Who Am I?

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A nobody; a nitwit; a pilot; a motorcyclist; a raconteur; a lover...of life - who loves to laugh, who tries to not take myself (or anything) too seriously...just a normal guy who knows his place in the universe by being in touch with my spiritual side. What more is there?

09 November 2017

Going Both Ways

Up in Brewster, Washington we had one of the driest summers ever. I mean, really, we had only one day that it rained, and there wasn't much at that. So none of the ships flew more than a couple of hours apiece. The boss was not happy.

The company really makes money when we fly, of course. The standby charges pay for the helicopters and the pilots with a little leftover. On the other hand, we surely did not have to burn (or buy) very much fuel.  And when you've got ten helicopters that each burn 50 gallons per hour, the potential for using a lot of fuel is real!  Normally, each season the ships get between fifty and 100 hours each.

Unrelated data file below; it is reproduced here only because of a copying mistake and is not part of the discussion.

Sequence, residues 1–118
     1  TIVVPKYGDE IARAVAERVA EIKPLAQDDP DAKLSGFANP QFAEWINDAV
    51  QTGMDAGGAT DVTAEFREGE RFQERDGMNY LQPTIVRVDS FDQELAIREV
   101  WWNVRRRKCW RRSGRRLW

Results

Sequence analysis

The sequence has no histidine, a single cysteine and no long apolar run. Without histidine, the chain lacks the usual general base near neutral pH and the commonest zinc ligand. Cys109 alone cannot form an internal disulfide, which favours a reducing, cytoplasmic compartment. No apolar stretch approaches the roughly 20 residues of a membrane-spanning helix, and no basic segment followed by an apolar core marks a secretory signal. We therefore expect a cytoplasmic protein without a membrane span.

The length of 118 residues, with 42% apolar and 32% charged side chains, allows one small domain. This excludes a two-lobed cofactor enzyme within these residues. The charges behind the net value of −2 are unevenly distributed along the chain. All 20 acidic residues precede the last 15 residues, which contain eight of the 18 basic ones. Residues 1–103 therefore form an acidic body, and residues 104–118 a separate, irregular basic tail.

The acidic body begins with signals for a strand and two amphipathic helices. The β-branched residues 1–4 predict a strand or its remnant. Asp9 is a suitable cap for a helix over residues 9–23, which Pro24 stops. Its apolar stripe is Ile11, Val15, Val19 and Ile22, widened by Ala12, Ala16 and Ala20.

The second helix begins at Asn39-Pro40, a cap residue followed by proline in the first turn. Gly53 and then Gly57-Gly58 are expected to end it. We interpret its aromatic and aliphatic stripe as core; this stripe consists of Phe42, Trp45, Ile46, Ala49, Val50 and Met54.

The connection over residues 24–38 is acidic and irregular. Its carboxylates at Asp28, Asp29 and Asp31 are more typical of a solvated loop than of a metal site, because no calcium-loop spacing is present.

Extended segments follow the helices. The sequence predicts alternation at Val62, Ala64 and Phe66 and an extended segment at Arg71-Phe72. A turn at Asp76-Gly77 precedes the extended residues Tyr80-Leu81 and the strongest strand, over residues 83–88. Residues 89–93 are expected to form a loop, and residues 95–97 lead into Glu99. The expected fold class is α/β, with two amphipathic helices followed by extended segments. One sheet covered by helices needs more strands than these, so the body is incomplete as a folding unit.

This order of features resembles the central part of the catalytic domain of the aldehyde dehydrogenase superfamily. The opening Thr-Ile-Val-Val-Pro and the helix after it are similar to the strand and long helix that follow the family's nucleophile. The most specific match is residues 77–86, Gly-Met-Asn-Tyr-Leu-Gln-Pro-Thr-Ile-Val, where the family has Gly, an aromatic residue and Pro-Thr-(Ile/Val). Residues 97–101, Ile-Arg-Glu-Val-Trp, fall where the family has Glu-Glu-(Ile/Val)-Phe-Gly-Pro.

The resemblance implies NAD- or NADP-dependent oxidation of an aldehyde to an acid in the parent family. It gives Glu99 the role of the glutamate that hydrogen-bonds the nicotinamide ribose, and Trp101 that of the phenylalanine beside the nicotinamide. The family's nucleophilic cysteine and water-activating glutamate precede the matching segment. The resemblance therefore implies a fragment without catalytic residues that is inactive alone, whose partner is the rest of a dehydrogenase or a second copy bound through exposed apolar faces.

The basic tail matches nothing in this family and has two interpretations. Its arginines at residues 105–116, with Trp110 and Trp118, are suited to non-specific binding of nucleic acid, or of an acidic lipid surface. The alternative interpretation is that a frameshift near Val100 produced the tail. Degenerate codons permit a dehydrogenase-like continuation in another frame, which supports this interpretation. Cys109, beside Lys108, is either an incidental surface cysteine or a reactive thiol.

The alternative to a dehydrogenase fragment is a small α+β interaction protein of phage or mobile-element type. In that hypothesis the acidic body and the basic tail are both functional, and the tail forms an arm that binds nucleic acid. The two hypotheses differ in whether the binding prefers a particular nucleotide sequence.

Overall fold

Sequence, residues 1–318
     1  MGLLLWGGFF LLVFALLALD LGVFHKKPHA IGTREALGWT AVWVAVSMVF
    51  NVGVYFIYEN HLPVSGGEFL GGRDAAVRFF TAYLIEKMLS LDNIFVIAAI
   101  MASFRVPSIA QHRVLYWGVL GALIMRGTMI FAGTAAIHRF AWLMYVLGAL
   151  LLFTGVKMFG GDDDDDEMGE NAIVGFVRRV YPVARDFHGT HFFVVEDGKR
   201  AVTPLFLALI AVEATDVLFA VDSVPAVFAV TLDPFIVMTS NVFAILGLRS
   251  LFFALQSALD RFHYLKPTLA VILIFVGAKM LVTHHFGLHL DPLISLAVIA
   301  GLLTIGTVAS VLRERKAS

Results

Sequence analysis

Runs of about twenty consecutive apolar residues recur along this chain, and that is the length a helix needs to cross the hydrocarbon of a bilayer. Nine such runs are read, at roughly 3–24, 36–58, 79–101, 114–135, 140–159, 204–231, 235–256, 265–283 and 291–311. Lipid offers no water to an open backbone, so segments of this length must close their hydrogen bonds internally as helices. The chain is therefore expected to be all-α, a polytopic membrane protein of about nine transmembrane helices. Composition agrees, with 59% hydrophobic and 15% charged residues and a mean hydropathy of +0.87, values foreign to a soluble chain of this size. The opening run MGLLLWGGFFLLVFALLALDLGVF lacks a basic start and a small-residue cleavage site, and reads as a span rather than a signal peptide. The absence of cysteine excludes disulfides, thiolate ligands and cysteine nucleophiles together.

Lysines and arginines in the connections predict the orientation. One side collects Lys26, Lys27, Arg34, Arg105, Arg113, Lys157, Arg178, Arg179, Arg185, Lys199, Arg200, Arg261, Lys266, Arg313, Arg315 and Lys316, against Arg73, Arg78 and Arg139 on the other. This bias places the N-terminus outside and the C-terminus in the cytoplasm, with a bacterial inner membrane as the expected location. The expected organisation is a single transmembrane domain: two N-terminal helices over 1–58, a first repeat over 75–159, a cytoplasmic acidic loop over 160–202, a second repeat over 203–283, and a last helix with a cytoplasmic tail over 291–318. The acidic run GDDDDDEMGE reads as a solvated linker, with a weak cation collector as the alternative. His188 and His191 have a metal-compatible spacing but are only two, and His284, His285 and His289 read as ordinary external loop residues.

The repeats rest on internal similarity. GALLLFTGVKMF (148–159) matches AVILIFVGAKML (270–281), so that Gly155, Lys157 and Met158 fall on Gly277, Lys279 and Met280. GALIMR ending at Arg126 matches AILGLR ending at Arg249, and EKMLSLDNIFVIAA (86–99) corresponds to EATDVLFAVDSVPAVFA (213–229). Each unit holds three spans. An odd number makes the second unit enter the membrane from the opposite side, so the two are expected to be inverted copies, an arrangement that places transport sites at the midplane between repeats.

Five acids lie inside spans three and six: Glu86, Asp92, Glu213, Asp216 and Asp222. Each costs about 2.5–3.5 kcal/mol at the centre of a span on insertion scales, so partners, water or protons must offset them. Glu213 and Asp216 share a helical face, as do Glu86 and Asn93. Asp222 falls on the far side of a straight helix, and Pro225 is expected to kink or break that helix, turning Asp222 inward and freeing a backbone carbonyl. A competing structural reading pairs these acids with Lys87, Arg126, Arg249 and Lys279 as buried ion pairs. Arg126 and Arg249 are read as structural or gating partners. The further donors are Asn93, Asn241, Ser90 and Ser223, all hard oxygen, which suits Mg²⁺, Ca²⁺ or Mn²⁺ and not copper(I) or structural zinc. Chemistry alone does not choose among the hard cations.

So there was a lot of sitting around.

Ironically, this summer I got to fly more airplanes than ever before. You all know that I'm a helicopter guy, but I love flying airplanes too. A lot of helicopter pilots turn up their nose at airplanes. ”Boring,” they say. Perhaps. Helicopters keep you busy 100% of the time; if you let go of the controls the helicopter will try to turn itself upside down. In an airplane you can sit back and relax a bit because it's not always trying to crash itself. To me, it's all good.

My boss's friend Gene has a beautiful old Piper J-3 Cub – the quintessential airplane from the 1930's and '40s. It's yellow, OF COURSE because all real J-3 Cubs are yellow.